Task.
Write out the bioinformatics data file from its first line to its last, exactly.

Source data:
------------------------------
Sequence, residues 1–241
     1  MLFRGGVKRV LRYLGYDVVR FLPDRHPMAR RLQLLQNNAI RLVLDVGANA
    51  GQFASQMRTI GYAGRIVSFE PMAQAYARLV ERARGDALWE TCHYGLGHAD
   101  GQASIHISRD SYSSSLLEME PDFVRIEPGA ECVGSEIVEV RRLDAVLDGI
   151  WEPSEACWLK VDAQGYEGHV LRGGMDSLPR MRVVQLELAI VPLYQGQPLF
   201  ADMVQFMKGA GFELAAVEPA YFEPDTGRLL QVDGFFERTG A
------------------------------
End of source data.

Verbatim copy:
Sequence, residues 1–241
     1  MLFRGGVKRV LRYLGYDVVR FLPDRHPMAR RLQLLQNNAI RLVLDVGANA
    51  GQFASQMRTI GYAGRIVSFE PMAQAYARLV ERARGDALWE TCHYGLGHAD
   101  GQASIHISRD SYSSSLLEME PDFVRIEPGA ECVGSEIVEV RRLDAVLDGI
   151  WEPSEACWLK VDAQGYEGHV LRGGMDSLPR MRVVQLELAI VPLYQGQPLF
   201  ADMVQFMKGA GFELAAVEPA YFEPDTGRLL QVDGFFERTG A